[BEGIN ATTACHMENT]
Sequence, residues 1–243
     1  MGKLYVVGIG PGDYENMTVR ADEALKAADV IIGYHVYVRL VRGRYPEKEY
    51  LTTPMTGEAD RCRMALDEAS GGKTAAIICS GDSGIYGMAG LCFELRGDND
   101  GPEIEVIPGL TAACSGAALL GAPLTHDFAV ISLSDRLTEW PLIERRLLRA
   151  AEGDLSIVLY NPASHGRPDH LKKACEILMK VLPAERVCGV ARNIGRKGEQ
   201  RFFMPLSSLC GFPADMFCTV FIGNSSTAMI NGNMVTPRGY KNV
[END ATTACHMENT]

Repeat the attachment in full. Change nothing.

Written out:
Sequence, residues 1–243
     1  MGKLYVVGIG PGDYENMTVR ADEALKAADV IIGYHVYVRL VRGRYPEKEY
    51  LTTPMTGEAD RCRMALDEAS GGKTAAIICS GDSGIYGMAG LCFELRGDND
   101  GPEIEVIPGL TAACSGAALL GAPLTHDFAV ISLSDRLTEW PLIERRLLRA
   151  AEGDLSIVLY NPASHGRPDH LKKACEILMK VLPAERVCGV ARNIGRKGEQ
   201  RFFMPLSSLC GFPADMFCTV FIGNSSTAMI NGNMVTPRGY KNV